The provision pertaining to the payment of certain refunds applies to credits or refunds made after December 31, 2016.

12. Safe harbor for de minimis errors on information returns, payee statements, and withholding

An employer that is required to file information return statements (Forms W-3, 1096) with the SSA, or furnish payee statements (Forms W-2 and 1099-MISC) to employees or contractors, is subject to a penalty that varies based on when, if at all, the information return is filed. The failure to file and failure to furnish penalties are identical, and are adjusted annually to account for inflation.

In 2015, Congress increased the penalties for failure to file information returns (Forms W-3 and 1096) and failure to furnish payee statements (Forms W-2 and 1099-MISC) to the following amounts for information returns and payee statements due after December 31, 2015: The first-tier penalty is $50 per return (if a correct return filed within 30 days after due date); the second-tier penalty is $100 per return (if a correct return filed by August 1); and a third-tier penalty of $250 per return (if a correct return filed after August 1).

For failures or misstatements due to intentional disregard, the penalty per return or statement increased to $500, with no calendar year limit. No distinction between small businesses and other persons required to report is made in such cases.

The PATH Act creates a "safe harbor" from the application of the penalty for failure to file a correct information return and the penalty for failure to furnish a correct payee statement in circumstances in which the information return or payee statement is otherwise correctly filed but includes a de minimis error of the amount required to be reported on such return or statement.

In general, a de minimis error of an amount on the information return or statement need not be corrected if the error for any single amount does not exceed $100. A lower threshold of $25 is established for errors with respect to the reporting of an amount of withholding or backup withholding. The provision requires broker reporting to be consistent with amounts reported on uncorrected returns which are eligible for the safe harbor. If any person receiving payee statements requests a corrected statement, the penalty for failure to file a correct information return and the penalty for failure to furnish a correct payee statement would continue to apply in the case of a de minimis error.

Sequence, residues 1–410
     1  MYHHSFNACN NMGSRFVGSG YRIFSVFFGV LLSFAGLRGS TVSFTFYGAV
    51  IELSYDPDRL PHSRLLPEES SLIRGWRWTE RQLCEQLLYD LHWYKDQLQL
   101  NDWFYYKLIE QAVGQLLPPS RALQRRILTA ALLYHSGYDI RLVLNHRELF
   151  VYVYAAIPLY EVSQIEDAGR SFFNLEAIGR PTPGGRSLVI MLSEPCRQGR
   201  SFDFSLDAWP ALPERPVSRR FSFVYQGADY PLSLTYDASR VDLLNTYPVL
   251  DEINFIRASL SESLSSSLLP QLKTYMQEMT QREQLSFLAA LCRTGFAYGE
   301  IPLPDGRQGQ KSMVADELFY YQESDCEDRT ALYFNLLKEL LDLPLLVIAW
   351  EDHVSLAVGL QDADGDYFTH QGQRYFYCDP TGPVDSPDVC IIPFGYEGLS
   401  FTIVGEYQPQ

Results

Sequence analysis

The provision applies to information returns (Forms W-3 and 1096) required to be filed and payee statements (Forms W-2 and 1099-MISC) required to be furnished after December 31, 2016.

13. Prevention of retroactive claims of earned income credit, child tax credit, and American Opportunity Tax Credit

The PATH Act denies to any taxpayer the EITC, child credit, and American opportunity tax credit, with respect to any taxable year for which such taxpayer has a taxpayer identification number that has been issued after the due date for filing the return for such taxable year. Similarly, a qualifying child (in the case of the EITC and child credit) or a student (in the case of the American opportunity credit) is not taken into account with respect to any taxable year for which such child or student is associated with a taxpayer identification number that has been issued after the due date for filing the return for such taxable year.

The provision generally applies to any return of tax, and any amendment or supplement to any return of tax, which is filed after the date of the enactment of the Act (December 18, 2015). However, the provision shall not apply to any return of tax (other than an amendment or supplement to any return of tax) for any taxable year which includes the date of the enactment, if such return is filed on or before the due date for such return of tax.

14. Restrictions on taxpayers who improperly claimed credits in a prior year